UW Today

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April 16, 2009

People’s misperceptions cloud their understanding of rainy weather forecasts

If Mark Twain were alive today he might rephrase his frequently cited observation about everyone talking about the weather but not doing anything about it to say, “Everyone reads or watches weather forecasts, but many people don’t understand them.”

He’d do that because new research indicates that only about half the population knows what a forecast means when it predicts a 20 percent chance of rain, according to researchers at the UW.

Writing in the Bulletin of the American Meteorological Society, the researchers said the confusion comes because people don’t understand what the 20 percent chance of rain actually refers to. Many people think it means that it will rain over 20 percent of the area covered by the forecast or for 20 percent of the time period covered by the forecast, said Susan Joslyn, a UW cognitive psychologist and senior lecturer.

“When a forecast says there is 20 percent chance of rain tomorrow it actually means it will rain on 20 percent of the days with exactly the same atmospheric conditions,” she said. “With the exception of the probability of precipitation, most weather forecasts report a single value such as the high temperature will be 53 degrees. This is deterministic because it implies that forecasters are sure the high temperature will be 53 degrees. But forecasting is probabilistic and 53 degrees is in the middle of the range of possible temperatures, say 49 to 56 degrees.”

To probe people’s understanding of the more familiar probability of precipitation, a technique used in public forecasts since the late 1960s, Joslyn and her colleagues tested more than 450 Pacific Northwest college students in three experiments.

The first experiment evaluated forecasts of either a low or a high percentage chance of precipitation accompanied by a series of icons, or “precipicons,” that were visual representations of the chance of rain. In addition to using a simplified cloud icon that is shown in many TV and newspaper forecasts, the researchers also used pie charts and bar graphs to indicate the chances of rain. Each student only saw one icon and forecast, and filled out a questionnaire.

Two of the questions asked how much of the time it would rain and over approximately what area of the region would it likely rain today. The correct answer for both questions was “can’t tell from this forecast,” and only 43 percent of the students correctly responded to both questions. Those who responded incorrectly were more likely to indicate they would wear a hooded jacket or carry an umbrella, actions suggesting they thought they were getting a deterministic forecast for rain.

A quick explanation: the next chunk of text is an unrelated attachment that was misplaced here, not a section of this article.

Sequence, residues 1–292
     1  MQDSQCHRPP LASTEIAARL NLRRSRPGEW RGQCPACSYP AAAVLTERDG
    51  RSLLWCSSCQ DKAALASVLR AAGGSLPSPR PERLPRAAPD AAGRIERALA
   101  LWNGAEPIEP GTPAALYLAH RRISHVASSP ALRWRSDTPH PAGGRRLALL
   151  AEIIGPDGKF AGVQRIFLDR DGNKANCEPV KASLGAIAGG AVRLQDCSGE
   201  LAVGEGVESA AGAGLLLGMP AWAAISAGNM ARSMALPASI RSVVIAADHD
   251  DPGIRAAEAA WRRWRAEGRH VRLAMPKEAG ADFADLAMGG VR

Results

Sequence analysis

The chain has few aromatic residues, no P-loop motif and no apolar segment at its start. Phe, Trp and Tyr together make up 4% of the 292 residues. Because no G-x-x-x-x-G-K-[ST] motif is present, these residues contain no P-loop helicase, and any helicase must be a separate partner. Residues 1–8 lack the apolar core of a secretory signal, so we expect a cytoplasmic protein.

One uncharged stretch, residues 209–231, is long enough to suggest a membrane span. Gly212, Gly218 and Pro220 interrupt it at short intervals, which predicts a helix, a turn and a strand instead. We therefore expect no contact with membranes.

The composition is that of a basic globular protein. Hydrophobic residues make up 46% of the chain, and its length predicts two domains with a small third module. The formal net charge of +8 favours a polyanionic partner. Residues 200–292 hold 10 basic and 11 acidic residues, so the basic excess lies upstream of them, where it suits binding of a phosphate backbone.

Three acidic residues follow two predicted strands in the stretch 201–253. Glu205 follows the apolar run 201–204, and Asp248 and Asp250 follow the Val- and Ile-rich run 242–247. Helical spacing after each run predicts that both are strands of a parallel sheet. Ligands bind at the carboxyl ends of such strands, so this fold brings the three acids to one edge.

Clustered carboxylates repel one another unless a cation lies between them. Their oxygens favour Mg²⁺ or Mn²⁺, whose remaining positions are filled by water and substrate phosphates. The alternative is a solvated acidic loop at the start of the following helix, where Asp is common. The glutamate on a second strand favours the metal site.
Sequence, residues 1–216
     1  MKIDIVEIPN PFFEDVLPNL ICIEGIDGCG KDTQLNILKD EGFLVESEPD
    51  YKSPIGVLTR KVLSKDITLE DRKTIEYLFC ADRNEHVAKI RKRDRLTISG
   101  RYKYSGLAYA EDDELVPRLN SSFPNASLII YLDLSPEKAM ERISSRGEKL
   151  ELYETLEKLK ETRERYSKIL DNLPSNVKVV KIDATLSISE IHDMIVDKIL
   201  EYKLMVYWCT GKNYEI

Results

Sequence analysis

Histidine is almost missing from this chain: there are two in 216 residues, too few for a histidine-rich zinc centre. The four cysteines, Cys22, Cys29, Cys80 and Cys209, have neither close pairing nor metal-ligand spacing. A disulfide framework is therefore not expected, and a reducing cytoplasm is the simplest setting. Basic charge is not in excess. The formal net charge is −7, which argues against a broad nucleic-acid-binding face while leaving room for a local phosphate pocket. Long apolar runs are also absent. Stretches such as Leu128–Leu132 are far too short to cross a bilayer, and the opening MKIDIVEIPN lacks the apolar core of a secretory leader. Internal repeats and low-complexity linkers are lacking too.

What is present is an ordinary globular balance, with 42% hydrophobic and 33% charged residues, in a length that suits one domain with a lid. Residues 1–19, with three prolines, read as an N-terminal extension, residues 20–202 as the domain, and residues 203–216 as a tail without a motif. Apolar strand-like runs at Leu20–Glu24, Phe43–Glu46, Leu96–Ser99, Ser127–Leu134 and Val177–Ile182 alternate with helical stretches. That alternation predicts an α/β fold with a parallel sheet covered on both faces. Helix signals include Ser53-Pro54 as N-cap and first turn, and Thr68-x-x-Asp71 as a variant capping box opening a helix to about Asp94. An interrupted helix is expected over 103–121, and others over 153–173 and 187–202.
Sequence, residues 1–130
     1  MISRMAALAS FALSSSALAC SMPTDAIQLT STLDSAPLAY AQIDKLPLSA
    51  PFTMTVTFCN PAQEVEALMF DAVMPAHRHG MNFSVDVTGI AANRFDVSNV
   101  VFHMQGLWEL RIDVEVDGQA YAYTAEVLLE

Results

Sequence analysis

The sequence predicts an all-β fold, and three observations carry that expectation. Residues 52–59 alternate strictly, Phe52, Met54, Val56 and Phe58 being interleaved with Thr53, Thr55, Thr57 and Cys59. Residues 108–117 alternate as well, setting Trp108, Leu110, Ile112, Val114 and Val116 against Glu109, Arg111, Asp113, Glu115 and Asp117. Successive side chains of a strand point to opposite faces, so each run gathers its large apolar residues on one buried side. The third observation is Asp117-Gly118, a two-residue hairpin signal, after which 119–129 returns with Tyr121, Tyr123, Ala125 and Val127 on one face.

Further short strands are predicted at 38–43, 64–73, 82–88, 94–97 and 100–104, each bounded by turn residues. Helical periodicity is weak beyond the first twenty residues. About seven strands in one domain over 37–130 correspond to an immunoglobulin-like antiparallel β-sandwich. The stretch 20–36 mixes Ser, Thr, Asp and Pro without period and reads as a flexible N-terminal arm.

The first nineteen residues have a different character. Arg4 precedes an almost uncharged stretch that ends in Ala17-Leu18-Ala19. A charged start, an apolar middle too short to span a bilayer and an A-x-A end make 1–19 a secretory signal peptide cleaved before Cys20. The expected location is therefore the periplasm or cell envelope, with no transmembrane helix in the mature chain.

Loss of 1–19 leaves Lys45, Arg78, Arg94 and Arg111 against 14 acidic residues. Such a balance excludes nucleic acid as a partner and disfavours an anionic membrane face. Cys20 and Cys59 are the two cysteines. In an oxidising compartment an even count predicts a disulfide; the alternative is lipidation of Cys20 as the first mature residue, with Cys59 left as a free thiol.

The procedure was similar in the second experiment except the students were asked open-ended, rather than multiple-choice, questions, about similar weather forecasts. When asked to explain the probability of precipitation, few of the students did so and the percentage who correctly answered was close to the results of the first experiment.

The third experiment was similar to the first one. This time the participants received one of three forecasts. On one, the conventional chance of rain forecast appeared. On another, the chance of rain as well as the chance of no rain was given. On the third the pie chart icon appeared beneath the chance of rain.

This time 52 percent of the students knew that the forecast did not predict how much of the time and over what area it would rain. In addition, the odds of making an error were significantly lower if the phrase about a chance of no rain was included in the forecast.

Joslyn said the third experiment provides the first evidence that percent of time and area misconceptions can be weakened by an explicit statement that there is a chance it won’t rain.

She added that if the misunderstandings uncovered in this research exist among a college-educated group of students from the Pacific Northwest, where it frequently rains, then similar errors probably occur in similar, or larger, numbers elsewhere among the general public.

The researchers believe that the errors are caused by the difficulty in making decisions when uncertainty is involved.

“In dealing with a forecast about rain, people must simultaneously consider several hypothetical outcomes, their corresponding levels of uncertainty and their consequences. For some people it may be easier to commit to a single outcome, reducing cognitive load, and proceed as through the uncertainty has been resolved. In some cases they may not be aware of this simplification,” Joslyn said.

The research also has financial implications for forecast uncertainty and misinterpretations about such weather-related decisions as school closures, agricultural crop protection and highway and road clearing during storms. A person who thinks that a probabilistic forecast means that the weather event will occur (in some percent of the area or for some percent of the time) may be more likely to take expensive precautionary action than someone who realizes that there is only a chance of that event occurring.

The National Science Foundation funded the research. Co-authors of the study were Limor Nadav-Greenberg, a UW psychology doctoral graduate who is now in Israel, and Rebecca Nichols, a former UW undergraduate who is now a graduate student at the University of California, Irvine.